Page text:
Test can detect Alzheimer's in 10 minutes


24-04-2001

Scientists at Cambridge University have developed a test to detect Alzheimer's Disease at an early stage in just 10 minutes.

Studies show the computer test can also distinguish Alzheimer's sufferers from patients with depression and neuropsychiatric disorders with 98 per cent accuracy.



The CANTAB Paired Associates Learning Test is the brainchild of Professor Trevor Robbins and Dr Barbara Sahakian, and was developed at Addenbrooke's Hospital in Cambridge.



It has already proved to be a highly sensitive tool for early detection of Alzheimer's Disease in patients attending the hospital's Memory Clinic.



The clinic tests people who fear they may be suffering some form of dementia.



A three-year study showed that patients who had questionable dementia at the beginning, but who went on to show cognitive decline over eight months, were the patients with the most errors on the CANTAB-PAL test.



The CANTAB-PAL uses touch-screen computer technology to test people's ability to remember patterns that appear on the screen.



Dr Sahakian said: 'It's quite nice because you sit and look at a computer screen. The test involves looking at different patterns at different places around the screen.



'They try to remember where the pattern was and then when we show it to them again they try point to where it was on the screen. It's quite nice technology and very easy to use - it's a bit like a video game.'



Patients are given 10 attempts to remember the positions of the patterns.



Dr Sahakian said: 'Normal elderly people can do this within 10 goes, but people with Alzheimer's really can't do it even given 10 opportunities.



'I think it's a really big breakthrough because the big problem with Alzheimer's, with people in the early stages, is they have problems with learning new things and this is a test of new learning.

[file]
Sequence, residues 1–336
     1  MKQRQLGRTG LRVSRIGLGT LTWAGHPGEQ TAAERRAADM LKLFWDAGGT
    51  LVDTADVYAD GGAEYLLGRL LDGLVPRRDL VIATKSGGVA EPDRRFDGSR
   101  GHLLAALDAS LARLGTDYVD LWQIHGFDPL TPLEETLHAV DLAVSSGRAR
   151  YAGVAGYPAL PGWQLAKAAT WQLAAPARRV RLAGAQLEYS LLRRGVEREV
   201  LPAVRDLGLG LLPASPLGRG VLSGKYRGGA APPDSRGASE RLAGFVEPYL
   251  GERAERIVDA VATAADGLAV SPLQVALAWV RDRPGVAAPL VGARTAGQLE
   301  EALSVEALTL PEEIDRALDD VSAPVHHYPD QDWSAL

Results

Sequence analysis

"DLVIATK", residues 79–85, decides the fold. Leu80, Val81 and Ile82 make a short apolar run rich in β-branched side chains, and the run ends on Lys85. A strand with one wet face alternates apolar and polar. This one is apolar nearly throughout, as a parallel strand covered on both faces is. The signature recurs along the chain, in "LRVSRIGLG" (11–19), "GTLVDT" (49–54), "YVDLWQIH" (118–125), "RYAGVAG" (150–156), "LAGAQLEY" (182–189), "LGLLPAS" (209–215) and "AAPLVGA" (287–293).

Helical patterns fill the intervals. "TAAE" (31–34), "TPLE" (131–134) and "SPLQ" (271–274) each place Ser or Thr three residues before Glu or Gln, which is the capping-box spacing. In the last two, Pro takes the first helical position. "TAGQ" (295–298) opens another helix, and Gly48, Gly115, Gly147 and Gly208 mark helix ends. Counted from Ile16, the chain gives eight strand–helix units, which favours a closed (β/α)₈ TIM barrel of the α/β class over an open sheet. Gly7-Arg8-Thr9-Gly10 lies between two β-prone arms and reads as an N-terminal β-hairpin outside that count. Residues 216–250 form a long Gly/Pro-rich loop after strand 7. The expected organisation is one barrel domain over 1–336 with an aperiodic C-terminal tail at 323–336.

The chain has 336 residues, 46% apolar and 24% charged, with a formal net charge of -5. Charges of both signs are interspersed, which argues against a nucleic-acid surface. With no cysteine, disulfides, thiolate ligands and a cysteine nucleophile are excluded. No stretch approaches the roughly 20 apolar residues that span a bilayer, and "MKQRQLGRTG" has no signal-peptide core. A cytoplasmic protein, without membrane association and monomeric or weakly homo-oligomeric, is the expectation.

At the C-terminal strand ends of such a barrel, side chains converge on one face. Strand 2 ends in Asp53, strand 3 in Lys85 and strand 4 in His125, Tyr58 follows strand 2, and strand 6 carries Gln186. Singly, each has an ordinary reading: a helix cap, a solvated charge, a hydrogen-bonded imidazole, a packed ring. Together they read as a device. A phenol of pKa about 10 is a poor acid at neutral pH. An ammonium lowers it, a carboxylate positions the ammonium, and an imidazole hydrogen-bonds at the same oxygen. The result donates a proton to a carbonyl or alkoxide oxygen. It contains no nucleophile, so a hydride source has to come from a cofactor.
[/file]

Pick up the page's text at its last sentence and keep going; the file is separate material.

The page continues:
'The CANTAB-PAL's sensitivity to Alzheimer's Disease is related to the fact that the areas of the brain first affected in Alzheimer's Disease are the same areas used when performing the test.



'We anticipate this test will be useful not only for early detection of Alzheimer's Disease but also in measuring the beneficial effects of current pharmacological treatments.'



Dr Sahakian said as scientists begin to develop treatments for the symptoms of Alzheimer's Disease its early detection was becoming increasingly important.



She said: 'It only takes about 10 minutes and you don't have to have blood tests.



'Drug companies are trying to develop even better treatments for the cognitive and behavioural symptoms of Alzheimer's Disease.



'It's great to have a test where we can detect it very early and try treatments out as early as possible.



'We're very excited about it and we think it could be very widely used - it's the type of thing which could be set up in doctors' surgeries.'



By Stuart Leithes

 

The University of Cambridge is acknowledged as one of the world's leading higher education and research institutions. The University was instrumental in the formation of the Cambridge Network and its Vice- Chancellor, Professor Stephen Toope, is also the President of the Cambridge Network.

University of Cambridge (cam.ac.uk)